My apologies to him and to you, and my recommendation that you check it regularly, even if you are not a Catholic. Some of the news will obviously interest Catholics more than anyone else, but the writers regularly comment on all sorts of matters any believing Christian will find helpful. Like Smith College's brave new vocabulary. And of course the life of the Catholic Church today is a model or test case or experiment for what has or may happen in other bodies. (Alas.)

7:43 AM


A friend just sent me part of a news story about the pope's comments on Bob Dylan, after he heard Dylan in concert in 1997:

After Dylan's rendition of his most famous ballad, "Blowin' in the Wind," the Pope was ready with an answer. "How many roads must a man walk down?" the song's lyrics ask. "One!" the Holy Father replied. "There is only one way for man, and that is Christ, who said, 'I am the way.' It is he who is the way to truth, the way to life."

Continuing to pick up on Dylan's lyrics, the Pope continued: "The answer to the questions of your life is blowing in the wind; that's true. But this is not the wind that disperses everything into the nothingness; but the wind which breathes the voice of the Spirit, saying: 'Come!'"

Well, I thought this was rather good.

6:42 AM


A reader wrote in to say that the March/April issue of The American Spectator has an article on Malcolm Muggeridge. It isn't available on their website, alas, but I did find an interesting article on teaching St. Augustine to college students, "Identity Crisis" by John Dunlap, a professor of classics at Santa Clara University.

Santa Clara University is a Jesuit school, which means that it is not exactly committed to Catholicism. Dunlap describes picking up one of Jacques Maritain's books in the library and finding that it had been taken out regularly . . . until 1971, but not once since then.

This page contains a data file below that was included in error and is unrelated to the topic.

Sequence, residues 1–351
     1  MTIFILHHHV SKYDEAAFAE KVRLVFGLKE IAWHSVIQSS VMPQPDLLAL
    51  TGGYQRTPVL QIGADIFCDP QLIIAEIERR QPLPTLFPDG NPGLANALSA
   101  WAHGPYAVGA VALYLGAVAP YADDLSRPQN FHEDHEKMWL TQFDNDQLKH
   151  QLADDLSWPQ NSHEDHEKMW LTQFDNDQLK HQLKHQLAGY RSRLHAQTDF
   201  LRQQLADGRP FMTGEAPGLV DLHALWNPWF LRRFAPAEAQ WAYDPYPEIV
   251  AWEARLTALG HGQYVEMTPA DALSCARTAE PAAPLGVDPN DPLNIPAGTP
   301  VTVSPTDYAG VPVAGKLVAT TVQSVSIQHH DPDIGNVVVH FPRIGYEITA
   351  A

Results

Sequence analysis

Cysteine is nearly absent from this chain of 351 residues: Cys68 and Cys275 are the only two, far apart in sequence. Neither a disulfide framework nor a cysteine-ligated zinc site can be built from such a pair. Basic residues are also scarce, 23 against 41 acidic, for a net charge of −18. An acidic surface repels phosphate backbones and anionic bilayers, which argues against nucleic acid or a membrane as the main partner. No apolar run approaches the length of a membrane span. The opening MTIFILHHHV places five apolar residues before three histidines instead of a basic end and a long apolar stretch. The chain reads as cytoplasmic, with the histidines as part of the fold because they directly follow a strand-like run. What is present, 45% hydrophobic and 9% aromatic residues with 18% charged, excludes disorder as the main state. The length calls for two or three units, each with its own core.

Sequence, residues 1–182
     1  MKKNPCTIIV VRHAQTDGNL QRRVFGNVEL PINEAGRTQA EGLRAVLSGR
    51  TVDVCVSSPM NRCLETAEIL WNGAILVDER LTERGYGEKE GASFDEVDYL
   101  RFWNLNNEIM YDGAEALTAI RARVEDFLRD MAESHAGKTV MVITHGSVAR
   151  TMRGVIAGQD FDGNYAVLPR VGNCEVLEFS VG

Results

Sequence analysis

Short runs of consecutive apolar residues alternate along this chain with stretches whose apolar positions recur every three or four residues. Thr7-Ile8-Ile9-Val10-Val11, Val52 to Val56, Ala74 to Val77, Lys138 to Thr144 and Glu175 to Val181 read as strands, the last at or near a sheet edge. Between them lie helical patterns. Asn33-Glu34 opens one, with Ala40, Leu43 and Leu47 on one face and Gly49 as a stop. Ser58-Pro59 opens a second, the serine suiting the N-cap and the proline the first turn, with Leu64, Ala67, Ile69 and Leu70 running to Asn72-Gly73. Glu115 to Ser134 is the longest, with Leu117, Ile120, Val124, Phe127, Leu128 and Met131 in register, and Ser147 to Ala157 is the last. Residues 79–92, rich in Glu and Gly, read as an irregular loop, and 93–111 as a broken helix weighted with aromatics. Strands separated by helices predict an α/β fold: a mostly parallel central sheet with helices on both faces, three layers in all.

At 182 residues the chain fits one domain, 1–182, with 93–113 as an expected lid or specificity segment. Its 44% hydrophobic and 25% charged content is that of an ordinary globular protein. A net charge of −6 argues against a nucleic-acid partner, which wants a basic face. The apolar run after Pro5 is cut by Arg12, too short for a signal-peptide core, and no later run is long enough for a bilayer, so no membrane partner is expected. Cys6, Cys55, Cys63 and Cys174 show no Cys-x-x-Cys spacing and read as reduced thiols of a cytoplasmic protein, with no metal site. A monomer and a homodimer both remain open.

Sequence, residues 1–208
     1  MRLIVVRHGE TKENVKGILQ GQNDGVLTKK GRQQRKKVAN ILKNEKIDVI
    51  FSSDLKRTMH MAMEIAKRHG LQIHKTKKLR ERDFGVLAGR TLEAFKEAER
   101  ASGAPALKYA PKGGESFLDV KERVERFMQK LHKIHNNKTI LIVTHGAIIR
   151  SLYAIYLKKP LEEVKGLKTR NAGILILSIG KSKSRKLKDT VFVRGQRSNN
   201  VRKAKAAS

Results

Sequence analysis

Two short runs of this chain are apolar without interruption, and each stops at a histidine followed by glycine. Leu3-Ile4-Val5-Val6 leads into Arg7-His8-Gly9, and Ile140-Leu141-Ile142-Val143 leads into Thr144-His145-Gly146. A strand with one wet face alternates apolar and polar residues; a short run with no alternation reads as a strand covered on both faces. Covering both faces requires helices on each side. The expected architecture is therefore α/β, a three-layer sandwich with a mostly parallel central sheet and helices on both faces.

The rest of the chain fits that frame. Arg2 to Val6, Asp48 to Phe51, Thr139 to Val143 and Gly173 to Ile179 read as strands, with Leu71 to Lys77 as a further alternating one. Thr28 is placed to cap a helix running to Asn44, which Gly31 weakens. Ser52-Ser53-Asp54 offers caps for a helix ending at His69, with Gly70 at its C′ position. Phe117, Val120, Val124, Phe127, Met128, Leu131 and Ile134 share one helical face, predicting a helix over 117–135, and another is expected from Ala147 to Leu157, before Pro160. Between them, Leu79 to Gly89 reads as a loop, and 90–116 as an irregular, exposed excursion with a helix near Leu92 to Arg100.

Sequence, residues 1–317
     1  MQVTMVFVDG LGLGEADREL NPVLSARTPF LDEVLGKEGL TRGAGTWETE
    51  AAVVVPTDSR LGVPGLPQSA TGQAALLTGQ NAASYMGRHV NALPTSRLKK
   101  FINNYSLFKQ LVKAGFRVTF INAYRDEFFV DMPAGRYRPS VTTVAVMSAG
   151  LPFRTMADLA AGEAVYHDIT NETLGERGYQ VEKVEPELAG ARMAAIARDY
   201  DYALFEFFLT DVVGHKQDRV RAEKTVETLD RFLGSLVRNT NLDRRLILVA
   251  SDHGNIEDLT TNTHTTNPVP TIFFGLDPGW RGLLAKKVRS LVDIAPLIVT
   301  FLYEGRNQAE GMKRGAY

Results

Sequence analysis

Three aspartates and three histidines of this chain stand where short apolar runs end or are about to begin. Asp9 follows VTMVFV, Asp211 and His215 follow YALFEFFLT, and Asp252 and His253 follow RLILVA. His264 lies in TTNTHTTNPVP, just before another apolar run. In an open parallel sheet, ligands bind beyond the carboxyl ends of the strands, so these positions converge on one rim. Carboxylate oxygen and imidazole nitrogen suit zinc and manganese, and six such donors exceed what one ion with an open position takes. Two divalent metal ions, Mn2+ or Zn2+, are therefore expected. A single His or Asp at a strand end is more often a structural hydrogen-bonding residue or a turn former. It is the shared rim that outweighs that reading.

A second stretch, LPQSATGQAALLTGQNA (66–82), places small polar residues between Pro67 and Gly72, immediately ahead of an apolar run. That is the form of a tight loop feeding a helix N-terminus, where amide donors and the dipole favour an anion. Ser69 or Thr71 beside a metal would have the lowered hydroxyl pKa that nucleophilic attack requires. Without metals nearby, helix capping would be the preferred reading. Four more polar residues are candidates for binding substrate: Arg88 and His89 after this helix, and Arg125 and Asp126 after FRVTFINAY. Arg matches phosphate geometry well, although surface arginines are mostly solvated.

On a hunch, I looked up a few other Maritain titles. Then I got into it, and spent the next hour combing the stacks and pawing through the library's huge collection of, to me, familiar Catholic writers: Knox, Guardini, Newman, Chesterton, Belloc, Gilson, Pieper, Benson, Dawson, Lunn, Dimnet. With few exceptions (often as not, a date when I myself had checked out the book), the due slips told the same story, again and again: a long series of check-out dates stopping, suddenly, in the late 1960s and early 1970s.

. . . Here, I thought, was a kind of archaeological evidence for the collapse of Catholic identity at an historically Catholic university.

He then traces the effects of rejection of a Catholic identity by Catholic colleges like his - he is the only Catholic in the classics department - beginning with something called the "Land O'Lakes Statement" from 1967, in which Catholic educators declared themselves to "have a true autonomy and academic freedom in the face of authority of whatever kind, lay or clerical, external to the academic community itself." That this is not terribly bright they do not seem to have realized.

The academic community at its best is only a collection of people who like to think and teach, but it does not itself supply the principles from which they may think and teach nor the end to which they must think and teach. (This is my argument, not Dunlaps's.) The matter needed a more subtle understanding of the relation of authority to the intellectual life, but subtle understandings do not make good manifestoes.

The universities declared their independence of external authority and wound up a few years later under the effective authority of the world (in the New Testament sense of a realm opposed to the things of God). The world is that to which we fallen men naturally sink, whatever we are doing, teaching biology or epistemology or digging ditches, unless we work hard to avoid it, which means unless we affirm, love, and submit ourselves to the authority of the Church, properly understood and exercised.